The only reason I know of to install that ring is if you were going to use only black powder motors of a specific length in the rocket, and didn't mind limiting your choice of motor to those alone.

Now, don't throw unused parts away. I might find a need for this thrust ring some time in the future. I've collected two so far, so they'll just go in my spare parts box in case I need one some time.

The shock cord on this rocket is mounted by tying a slip knot of Kevlar around the motor tube, then sliding the forward centering ring over the lead of the Kevlar line. I put both centering rings on, pushed the loop of Kevlar tight against the forward centering ring, then made a fillet of wood glue around the aft of both rings, making sure to secure all of the Kevlar loop against the forward ring so that it wouldn't move. Once those fillets were dry, I made fillets on the other side of the rings.

This shock cord mount isn't going anywhere. If I wanted it to be even stronger, I could
have used epoxy here instead of wood glue. But a fillet holding the shock cord isn't
even called for in the kit instructions, and I'm fairly sure this will hold.
Next, I attached the base of the screw-on motor retainer. For this, I used a steel-based epoxy called J.B. Weld. It's both strong and heat resistant, and seems to be the favorite epoxy among rocketeers for this kind of retainer.

The plastic retainer is smooth, as is the paper motor tube. Epoxy works best when it can get a grip on a surface to create a mechanical bond, so you have to rough up the inside surface of the retainer with some coarse sandpaper. For good measure, I also roughed up the end of the motor tube in the same manner - just enough so that it wasn't smooth.

Epoxy of any kind can be irritating to the skin, and too much exposure over time can cause you to develop an allergy to the stuff, so when using any epoxy, the best practice is to wear nitrile gloves. And before it's cured, epoxy is alcohol soluble, so have some rubbing alcohol and paper towels handy. If you get any epoxy where you don't want it - on the motor retainer threads or edges of centering rings, for example - moisten a paper towel with the alcohol and wipe off the excess epoxy. The stuff is really viscous and tricky to handle, so it's important to have paper towels and alcohol right at hand. It's easy to get some epoxy where it shouldn't be.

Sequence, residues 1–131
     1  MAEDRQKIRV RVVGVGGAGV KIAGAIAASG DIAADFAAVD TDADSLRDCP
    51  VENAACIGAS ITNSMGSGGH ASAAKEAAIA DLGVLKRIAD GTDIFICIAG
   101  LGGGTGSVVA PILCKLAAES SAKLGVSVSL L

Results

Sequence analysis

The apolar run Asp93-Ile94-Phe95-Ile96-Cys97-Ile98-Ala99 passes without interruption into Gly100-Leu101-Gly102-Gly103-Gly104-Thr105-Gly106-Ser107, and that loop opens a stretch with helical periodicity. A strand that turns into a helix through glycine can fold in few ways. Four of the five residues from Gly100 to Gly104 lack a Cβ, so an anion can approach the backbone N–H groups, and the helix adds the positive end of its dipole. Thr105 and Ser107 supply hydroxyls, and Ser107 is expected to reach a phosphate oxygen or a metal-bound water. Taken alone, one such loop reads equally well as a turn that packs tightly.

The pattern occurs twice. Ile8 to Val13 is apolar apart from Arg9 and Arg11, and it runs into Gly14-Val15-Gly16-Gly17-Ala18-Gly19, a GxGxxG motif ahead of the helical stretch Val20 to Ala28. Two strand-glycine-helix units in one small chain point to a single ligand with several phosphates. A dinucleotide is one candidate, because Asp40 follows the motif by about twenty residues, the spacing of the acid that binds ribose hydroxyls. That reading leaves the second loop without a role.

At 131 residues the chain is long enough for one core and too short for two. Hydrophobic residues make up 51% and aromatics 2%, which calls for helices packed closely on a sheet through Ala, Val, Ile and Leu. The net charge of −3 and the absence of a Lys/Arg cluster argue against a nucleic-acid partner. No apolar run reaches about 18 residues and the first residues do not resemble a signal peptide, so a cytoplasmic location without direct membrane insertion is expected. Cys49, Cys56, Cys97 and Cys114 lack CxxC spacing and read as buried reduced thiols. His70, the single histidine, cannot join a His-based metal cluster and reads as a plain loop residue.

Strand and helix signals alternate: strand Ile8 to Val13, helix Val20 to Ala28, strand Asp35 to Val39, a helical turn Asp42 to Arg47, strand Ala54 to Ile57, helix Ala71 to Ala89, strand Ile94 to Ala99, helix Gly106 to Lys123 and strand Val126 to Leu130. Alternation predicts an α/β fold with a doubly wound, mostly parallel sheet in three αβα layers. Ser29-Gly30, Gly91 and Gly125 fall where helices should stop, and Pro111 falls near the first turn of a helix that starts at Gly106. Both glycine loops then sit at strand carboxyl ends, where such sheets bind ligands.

Epoxy comes in two parts - a resin and a hardener - which must be mixed together. With J.B. Weld, the steel epoxy resin is black, and the hardener is light gray. You mix equal amounts of these together until you get a consistent dark gray color, and you're ready to apply it. A thin ring of it around the aft end of the motor tube, and press the retainer down until it's straight and all the way on. If you get any epoxy inside the motor tube, wipe it out with a little alcohol, so you don't have trouble inserting a motor later.

The shock cord comes in two parts. The Kevlar line is looped around the motor mount, but then you tie the ends of it to an elastic cord.

I don't know what kind of knot I used to tie the ends together. It seemed pretty secure, but if it ever came undone, I wouldn't be able to get my hand inside the airframe to reattach it. Often, you want to secure a knot - whether it is of a shock cord to a nose cone, or two different shock cord materials together - with a dab of glue. Wood glue is often used. But since I had some J.B. Weld left after attaching the screw retainer, I used a gloved hand to massage some of it into the knot. Because it's a steel-based epoxy, it will be both heat-resistant and very strong.

J.B. Weld is a slow-cure epoxy, which means this stuff will be sticky for hours, and when it's cured, it will be stuck to whatever it's touching, so I let this knot cure sitting on a piece of waxed paper. I allowed the knot and the motor retainer to cure overnight.

For good measure, I let the motor mount cure sitting up on its forward end, so that
the screw retainer would not move. It's just sitting on its side here for the picture.
The motor mount is done!

Next, I'll mark fin lines on the body tube and fill in the tube spirals so we get a nice smooth finish on the final paint job. I had to fix a minor problem with the kit, as I'll show you in the next post.

Click here for Part 2.

Like my Facebook page for blog updates.

No comments:

Post a Comment